No one disputes that this novel is a page turner. The plot is propelled forward by a vigilante rescue of a woman about to be killed by her husband, a crime syndicate importing Eastern European prostitutes, and the murder of the husband-and-wife team investigating the johns and thugs - all this before I've even reached the novel's midpoint. It didn't take long for my heart to start pumping like a piston. I was expecting this adrenaline high based on the reviews I'd read.
But what caught me off guard is the idiosyncratic, original characterization.
These characters have a complexity that gets under my skin. Our heroine, Lisbeth Salander - hacker extraordinaire, world traveller, bisexual Don Juan - is particularly fascinating because she is comprised of multiple contradictory "selves" that she dons with the insouciance of costumes. Indeed, her identity seems to be a mystery even to herself. Looking in the mirror and admiring her newly implanted breasts (bought with the fortune she acquired in a recent heist), she seems to regard her own features as no more real or natural than the artful tattoo on her back. There's something marvellous about how she's able to reinvent herself from moment to moment, conjuring an identity that suits any situation. A hitman attacks her? Her keys turn into brass knuckles. She needs to furnish her new apartment under an alias? She throws on a blond wig, grabs a Norwegian passport and heads to IKEA.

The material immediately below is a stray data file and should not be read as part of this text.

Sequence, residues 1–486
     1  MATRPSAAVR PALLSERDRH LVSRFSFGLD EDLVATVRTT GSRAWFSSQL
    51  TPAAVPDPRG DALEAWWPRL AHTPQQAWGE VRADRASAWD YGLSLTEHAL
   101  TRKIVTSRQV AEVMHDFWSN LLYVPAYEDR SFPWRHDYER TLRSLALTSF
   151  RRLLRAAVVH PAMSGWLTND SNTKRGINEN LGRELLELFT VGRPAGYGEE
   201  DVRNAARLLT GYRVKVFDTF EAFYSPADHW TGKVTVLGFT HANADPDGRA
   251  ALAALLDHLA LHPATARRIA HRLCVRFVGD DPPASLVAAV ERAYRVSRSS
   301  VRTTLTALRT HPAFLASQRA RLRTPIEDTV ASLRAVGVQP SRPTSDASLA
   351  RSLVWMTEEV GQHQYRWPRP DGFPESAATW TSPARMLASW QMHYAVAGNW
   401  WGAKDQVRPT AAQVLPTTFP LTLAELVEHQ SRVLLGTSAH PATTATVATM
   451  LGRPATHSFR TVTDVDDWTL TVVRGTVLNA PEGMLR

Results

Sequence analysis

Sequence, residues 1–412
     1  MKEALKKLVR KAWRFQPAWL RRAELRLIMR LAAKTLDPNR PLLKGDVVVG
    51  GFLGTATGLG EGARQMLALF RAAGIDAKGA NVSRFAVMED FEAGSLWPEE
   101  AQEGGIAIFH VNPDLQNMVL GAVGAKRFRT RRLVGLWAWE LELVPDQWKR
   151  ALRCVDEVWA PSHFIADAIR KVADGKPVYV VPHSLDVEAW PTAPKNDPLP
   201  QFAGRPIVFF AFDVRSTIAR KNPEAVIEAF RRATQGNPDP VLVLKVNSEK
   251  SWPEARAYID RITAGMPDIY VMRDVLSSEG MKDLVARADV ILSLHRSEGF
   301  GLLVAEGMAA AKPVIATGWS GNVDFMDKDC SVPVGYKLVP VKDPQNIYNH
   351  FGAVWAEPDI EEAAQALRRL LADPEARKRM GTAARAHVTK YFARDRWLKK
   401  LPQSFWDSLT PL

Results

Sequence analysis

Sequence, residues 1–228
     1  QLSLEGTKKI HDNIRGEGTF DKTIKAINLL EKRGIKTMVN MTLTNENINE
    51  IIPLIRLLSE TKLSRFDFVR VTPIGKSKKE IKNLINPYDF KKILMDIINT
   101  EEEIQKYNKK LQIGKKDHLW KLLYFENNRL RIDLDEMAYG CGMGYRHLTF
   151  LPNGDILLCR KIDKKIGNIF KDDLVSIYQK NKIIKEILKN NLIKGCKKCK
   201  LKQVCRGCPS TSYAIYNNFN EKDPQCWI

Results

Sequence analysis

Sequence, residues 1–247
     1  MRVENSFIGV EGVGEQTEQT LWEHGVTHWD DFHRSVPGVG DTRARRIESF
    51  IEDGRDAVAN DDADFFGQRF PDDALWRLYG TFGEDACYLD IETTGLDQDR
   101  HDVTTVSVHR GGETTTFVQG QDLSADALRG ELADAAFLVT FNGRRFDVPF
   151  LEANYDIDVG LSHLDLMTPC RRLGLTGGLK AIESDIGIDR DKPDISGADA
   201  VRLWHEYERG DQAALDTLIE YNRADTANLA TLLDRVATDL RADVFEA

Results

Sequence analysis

Ironically, her theatrics and adaptation skills stem from how she overcame the sadistic sexual abuse inflicted on her during childhood. While the details of Salander's past remain obscure, we know from the opening scene (presumably a flashback) that she "lay on her back fastened by leather straps to a narrow bed with a steel frame" for more than 43 days, awaiting her captor's daily assault. Trapped in this horrific state, her calmness and clarity of mind are all the more striking. Although she is afraid, she isn't debilitated by fear, for with every passing second, she is channelling her fear into a plan for settling the score: "She had discovered that the most effective method of keeping fear at bay was to fantasize about something that gave her a feeling of strength. She closed her eyes and conjured up the smell of gasoline." The girl who plays with fire is born.
The abuse that could have easily paralyzed her for life has instead become a source of power and focus. I think this is why I find myself sympathizing and identifying with and above all liking this oddball heroine. Although an extreme case, she appeals to that universal desire in all of us to overcome our childhood traumas and humiliations, of whatever magnitude, and move on. Rather than letting her past control her, she has taken control of her past and transformed it into a new, creative identity.
(By the way, a few days ago I added a page called "What's Your List?" at the top of the blog. This is where you can post a list of your favourite books.)
Photo from: here